Mr Wolpert, what specifically are the challenges that Mexican cities are currently facing?
The most important challenge is making the cities more efficient in every aspect. That means changing the way they are managed, their infrastructure, the use of inter- and intra-urban space, and the way they are built. Another challenge is trying to establish strategies to restore public spaces for citizens, and to create opportunities for lower income citizens to live in an area with decent urban infrastructure. These are the main challenges that we are facing in Mexico.
How are Mexican cities approaching these challenges? Can you give us an example?
Just before Habitat III, congress passed a new law on urban development, which is important because the last update was 40 years ago. There has also been a change of perception on the part of the national government. For example the ministry that I work for, the Ministry of Agricultural, Territorial and Urban Development (SEDATU), was only created three years ago by the current administration. My ministry is concerned with agricultural, territorial and urban development, and as part of our work in these areas we also deal with housing.
What we found was that in order to take appropriate action in terms of urban sustainability, we have to engage with all levels of administration. This does not only include municipalities. Municipalities are very important because they have the necessary instruments to enforce land-use measures in cities, but it is important not to forget intermediate levels of governments, such as state or regional governments. Those play a key role in creating an agenda where the federal government works alongside other levels of government.
In Mexico there is a substantial gap between the urban poor and the urban rich. How do you address the right to the city for everyone?
This is one of our main issues. We are establishing strategies, for example for developing vertical housing units. Another thing we are working on is redeveloping public spaces so that they can be enjoyed and used by everyone, also by lower income families. By using public spaces, people also enforce their right to the city themselves. Thus, one of the main objectives of SEDATU – and therefore of President Peña Nieto – is to enforce the right to the city. This is also an important aspect in the new law that I already mentioned.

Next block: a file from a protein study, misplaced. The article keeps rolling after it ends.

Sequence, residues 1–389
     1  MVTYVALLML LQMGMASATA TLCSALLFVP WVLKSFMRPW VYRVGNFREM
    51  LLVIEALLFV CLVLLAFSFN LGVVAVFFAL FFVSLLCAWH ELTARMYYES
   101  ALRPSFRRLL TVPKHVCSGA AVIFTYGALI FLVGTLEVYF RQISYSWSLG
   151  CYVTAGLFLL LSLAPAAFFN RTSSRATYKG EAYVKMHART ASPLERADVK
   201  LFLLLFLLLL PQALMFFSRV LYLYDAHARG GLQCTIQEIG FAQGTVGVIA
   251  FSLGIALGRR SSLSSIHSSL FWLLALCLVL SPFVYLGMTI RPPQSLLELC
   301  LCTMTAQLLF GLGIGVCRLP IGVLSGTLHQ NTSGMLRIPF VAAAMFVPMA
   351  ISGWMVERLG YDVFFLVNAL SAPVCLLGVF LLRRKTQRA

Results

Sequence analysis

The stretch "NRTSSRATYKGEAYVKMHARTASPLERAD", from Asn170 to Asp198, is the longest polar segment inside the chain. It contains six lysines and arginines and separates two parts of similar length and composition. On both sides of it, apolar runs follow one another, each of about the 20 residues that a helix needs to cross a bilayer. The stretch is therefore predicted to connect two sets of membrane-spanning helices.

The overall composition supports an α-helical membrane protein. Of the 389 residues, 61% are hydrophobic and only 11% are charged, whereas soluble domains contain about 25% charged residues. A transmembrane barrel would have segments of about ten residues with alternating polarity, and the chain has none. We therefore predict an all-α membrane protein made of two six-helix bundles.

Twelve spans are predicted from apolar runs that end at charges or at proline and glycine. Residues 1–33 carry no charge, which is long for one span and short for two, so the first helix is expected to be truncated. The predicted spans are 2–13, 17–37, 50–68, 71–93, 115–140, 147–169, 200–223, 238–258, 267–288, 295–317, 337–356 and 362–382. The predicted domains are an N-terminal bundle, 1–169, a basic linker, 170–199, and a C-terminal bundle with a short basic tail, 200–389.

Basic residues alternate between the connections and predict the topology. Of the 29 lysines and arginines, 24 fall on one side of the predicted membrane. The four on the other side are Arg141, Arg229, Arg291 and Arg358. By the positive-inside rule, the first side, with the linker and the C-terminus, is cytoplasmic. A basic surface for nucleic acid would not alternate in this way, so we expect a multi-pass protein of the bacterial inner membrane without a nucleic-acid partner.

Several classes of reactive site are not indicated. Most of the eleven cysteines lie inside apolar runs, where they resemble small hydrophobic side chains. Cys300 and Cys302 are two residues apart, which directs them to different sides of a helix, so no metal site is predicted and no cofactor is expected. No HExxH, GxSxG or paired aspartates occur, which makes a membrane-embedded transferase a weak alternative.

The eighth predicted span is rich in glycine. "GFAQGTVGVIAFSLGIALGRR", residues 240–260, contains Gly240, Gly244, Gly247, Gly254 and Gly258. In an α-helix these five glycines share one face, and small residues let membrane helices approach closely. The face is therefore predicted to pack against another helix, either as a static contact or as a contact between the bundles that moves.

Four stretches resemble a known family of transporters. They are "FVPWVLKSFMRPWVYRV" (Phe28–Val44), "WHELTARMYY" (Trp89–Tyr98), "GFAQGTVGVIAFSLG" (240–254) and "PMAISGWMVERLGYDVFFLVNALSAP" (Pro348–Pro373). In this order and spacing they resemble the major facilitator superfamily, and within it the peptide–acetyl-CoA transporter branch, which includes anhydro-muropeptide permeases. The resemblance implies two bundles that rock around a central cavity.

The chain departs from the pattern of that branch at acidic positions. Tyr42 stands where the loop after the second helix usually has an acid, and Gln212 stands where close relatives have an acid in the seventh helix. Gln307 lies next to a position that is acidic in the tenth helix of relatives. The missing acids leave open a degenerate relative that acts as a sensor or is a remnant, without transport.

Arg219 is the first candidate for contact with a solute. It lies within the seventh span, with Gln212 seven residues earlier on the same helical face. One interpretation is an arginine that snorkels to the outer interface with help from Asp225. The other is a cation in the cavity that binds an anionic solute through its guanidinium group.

Do partnerships exist to exchange experiences among Mexican cities or between Mexican cities and cities from other countries?
There are examples of both. For one, the Mexican government has important partnerships with the government of France, the government of Germany, the government of the United Kingdom. We are using these alliances that we have built over the years to push forward a recent initiative called The Sustainable City Network. Eight cities are currently part of this initiative, and they are working with two levels of government as well as academia and the social sector. In the course of our work we are identifying specific projects that will help these eight cities address the Sustainable Development Goals for cities in a short amount of time.
We have not been able to extend the project to all cities since that would require more investment from the federal government. But if the project is a success, we will actually have a strategy that has proven feasible for the eight pilot cities and can be adopted by others.
What is your impression of the world community’s path towards sustainable development?
I think everybody is as excited as we are in Mexico. This is a very good moment for change. I have heard about approaches in Colombia and Peru with regards to open data and how they use information. Now we have to bring together the New Urban Agenda with the Global Climate Action Agenda. The Paris Agreement entered into force in November 2016, which is almost three years ahead of schedule. This means that we have about 100 billion US dollars a year to invest in projects that will help us mitigate climate change, and cities will be the first places where this should happen.
So we are excited that we might have the financial means for these new initiatives. I also think that people are now not only aware of the importance of sustainability but really want to contribute to it. This is what will make the difference for properly implementing this agenda.
How do you think mayors, local governments and the national government in Mexico will implement the New Urban Agenda?
That is a very difficult question to answer because the implementation stands or falls by cooperation between different levels of government. There are a few indications that point in a positive direction. For instance, I can see how governments at different levels are realising that implementing the New Urban Agenda will get them a good reputation and access to finance. And if examples of the networks we talked about turn out to be successful and people can clearly see that they are making a difference, word is going to spread quickly that the implementation of the New Urban Agenda works to everyone’s advantage.